- Tapa blanda: 416 páginas
- Editor: Portfolio; Edición: Reprint (1 de agosto de 2011)
- Idioma: Inglés
- ISBN-10: 159184438X
- ISBN-13: 978-1591844389
- Valoración media de los clientes: Sé el primero en opinar sobre este producto
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All the Devils Are Here: The Hidden History of the Financial Crisis (Inglés) Tapa blanda – 1 ago 2011
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Reseña del editor
The New York Times bestseller hailed as "the best business book of 2010" (Huffington Post).
As soon as the financial crisis erupted, the finger-pointing began. Should the blame fall on Wall Street, Main Street, or Pennsylvania Avenue? On greedy traders, misguided regulators, sleazy subprime companies, cowardly legislators, or clueless home buyers?
According to Bethany McLean and Joe Nocera, two of America's most acclaimed business journalists, the real answer is all of the above-and more. Many devils helped bring hell to the economy. And the full story, in all of its complexity and detail, is like the legend of the blind men and the elephant. Almost everyone has missed the big picture. Almost no one has put all the pieces together.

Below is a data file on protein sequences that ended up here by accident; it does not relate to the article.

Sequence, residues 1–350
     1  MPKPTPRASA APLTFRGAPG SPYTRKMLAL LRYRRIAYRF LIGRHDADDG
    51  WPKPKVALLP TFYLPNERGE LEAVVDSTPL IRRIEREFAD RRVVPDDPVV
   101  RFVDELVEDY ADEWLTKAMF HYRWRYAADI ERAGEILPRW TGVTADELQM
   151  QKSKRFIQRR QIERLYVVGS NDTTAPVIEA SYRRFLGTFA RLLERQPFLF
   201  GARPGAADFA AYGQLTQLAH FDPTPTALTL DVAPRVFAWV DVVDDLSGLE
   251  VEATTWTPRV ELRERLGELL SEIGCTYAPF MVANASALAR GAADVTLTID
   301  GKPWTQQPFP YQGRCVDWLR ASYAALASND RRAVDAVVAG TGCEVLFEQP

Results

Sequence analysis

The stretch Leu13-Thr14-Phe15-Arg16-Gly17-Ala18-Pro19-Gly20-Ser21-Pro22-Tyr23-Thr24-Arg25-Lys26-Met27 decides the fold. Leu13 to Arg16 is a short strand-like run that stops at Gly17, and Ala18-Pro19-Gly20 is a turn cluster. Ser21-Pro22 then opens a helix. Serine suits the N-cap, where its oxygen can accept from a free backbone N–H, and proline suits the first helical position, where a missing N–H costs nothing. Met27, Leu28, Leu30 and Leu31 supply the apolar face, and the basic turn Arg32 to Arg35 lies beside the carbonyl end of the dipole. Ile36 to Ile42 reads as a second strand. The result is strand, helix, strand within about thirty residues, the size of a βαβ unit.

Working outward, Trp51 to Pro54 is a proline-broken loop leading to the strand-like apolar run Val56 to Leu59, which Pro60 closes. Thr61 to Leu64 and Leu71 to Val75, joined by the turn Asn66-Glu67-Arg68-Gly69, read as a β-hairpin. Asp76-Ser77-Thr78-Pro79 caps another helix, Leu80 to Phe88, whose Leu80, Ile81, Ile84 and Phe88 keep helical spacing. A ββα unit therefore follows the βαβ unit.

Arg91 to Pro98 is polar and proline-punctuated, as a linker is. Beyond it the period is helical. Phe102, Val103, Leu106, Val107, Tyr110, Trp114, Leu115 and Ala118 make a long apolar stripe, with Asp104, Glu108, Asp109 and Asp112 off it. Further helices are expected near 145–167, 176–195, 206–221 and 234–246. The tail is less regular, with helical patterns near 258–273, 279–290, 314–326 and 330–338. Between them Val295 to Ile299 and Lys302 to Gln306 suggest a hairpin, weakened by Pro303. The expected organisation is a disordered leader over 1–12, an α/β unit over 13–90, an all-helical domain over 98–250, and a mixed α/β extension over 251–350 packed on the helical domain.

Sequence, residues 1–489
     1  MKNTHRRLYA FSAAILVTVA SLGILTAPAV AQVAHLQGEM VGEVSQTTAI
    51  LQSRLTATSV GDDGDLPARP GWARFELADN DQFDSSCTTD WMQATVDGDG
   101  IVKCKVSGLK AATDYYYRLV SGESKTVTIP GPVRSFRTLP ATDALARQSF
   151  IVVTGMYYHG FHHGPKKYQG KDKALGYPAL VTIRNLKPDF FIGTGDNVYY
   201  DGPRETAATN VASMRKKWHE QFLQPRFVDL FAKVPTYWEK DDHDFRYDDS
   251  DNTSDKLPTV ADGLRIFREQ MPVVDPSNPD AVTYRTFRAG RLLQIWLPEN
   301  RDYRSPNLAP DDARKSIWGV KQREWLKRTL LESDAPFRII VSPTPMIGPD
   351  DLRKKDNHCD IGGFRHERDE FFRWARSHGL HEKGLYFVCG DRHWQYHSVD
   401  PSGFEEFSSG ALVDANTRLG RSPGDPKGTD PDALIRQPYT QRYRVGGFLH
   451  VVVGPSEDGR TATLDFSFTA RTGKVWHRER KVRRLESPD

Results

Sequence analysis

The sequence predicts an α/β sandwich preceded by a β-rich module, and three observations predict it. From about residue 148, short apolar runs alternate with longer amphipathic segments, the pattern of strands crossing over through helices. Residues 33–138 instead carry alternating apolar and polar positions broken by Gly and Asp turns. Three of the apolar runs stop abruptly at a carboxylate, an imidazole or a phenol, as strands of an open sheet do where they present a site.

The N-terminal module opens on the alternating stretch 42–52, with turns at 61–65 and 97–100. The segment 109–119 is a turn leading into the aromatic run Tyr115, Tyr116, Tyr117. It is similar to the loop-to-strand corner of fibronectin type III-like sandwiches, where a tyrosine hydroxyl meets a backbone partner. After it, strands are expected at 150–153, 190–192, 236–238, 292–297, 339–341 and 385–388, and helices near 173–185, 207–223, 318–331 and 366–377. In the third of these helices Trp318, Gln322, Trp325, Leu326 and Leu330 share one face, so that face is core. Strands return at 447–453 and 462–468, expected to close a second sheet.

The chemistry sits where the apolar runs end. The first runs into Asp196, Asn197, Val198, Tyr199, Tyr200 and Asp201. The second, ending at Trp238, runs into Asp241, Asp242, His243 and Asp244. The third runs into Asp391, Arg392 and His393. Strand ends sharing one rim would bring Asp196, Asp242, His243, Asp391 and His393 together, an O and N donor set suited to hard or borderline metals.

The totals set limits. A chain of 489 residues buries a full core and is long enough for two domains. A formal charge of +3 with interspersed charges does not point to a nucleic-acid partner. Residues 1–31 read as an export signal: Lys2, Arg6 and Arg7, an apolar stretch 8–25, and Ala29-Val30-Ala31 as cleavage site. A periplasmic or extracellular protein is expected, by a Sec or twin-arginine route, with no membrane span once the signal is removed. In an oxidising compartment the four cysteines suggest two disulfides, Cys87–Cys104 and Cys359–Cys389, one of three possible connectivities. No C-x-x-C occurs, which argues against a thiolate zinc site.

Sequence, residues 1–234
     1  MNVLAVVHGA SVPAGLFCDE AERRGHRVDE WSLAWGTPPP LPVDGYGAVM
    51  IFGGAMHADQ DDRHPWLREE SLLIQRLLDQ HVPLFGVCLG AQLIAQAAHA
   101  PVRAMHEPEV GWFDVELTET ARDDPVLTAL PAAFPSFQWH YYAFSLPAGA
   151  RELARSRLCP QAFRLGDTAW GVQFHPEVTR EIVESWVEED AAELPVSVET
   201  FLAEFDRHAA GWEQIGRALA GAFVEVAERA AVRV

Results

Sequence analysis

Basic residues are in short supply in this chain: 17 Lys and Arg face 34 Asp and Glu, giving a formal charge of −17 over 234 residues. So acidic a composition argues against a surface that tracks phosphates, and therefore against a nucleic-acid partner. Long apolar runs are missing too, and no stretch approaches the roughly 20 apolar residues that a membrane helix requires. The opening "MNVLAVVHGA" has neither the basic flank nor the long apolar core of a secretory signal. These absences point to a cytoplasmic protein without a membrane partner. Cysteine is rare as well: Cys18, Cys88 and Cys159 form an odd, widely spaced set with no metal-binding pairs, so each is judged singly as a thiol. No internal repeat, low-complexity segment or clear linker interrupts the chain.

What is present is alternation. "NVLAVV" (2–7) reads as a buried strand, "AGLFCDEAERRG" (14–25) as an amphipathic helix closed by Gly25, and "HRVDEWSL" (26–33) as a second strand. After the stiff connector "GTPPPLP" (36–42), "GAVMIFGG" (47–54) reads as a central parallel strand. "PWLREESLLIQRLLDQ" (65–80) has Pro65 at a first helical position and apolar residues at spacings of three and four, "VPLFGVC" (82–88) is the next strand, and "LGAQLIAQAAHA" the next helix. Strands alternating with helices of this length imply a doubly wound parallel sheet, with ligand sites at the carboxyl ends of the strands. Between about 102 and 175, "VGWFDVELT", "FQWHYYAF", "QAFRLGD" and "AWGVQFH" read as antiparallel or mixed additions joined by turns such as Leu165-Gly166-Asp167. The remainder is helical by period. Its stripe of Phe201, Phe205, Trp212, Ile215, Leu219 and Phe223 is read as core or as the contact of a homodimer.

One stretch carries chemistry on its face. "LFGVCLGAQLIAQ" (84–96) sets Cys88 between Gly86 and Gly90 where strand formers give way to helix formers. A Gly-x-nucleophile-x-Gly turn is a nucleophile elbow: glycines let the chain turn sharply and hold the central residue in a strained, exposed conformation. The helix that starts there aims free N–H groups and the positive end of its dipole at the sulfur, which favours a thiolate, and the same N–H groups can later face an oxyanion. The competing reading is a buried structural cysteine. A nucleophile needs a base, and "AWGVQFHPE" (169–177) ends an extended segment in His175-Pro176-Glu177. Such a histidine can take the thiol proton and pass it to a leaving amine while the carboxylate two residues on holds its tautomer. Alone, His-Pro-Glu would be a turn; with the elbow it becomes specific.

All the Devils Are Here goes back several decades to weave the hidden history of the financial crisis in a way no previous book has done. It explores the motivations of everyone from famous CEOs, cabinet secretaries, and politicians to anonymous lenders, borrowers, analysts, and Wall Street traders. It delves into the powerful American mythology of homeownership. And it proves that the crisis ultimately wasn't about finance at all; it was about human nature.
Biografía del autor
Bethany McLean and Peter Elkind are Fortune senior writers. McLean, a former investment banking analyst for Goldman Sachs, lives in New York City. Her March 2001 article in Fortune, "Is Enron Overpriced?," was the first in a national publication to openly question the company's dealings.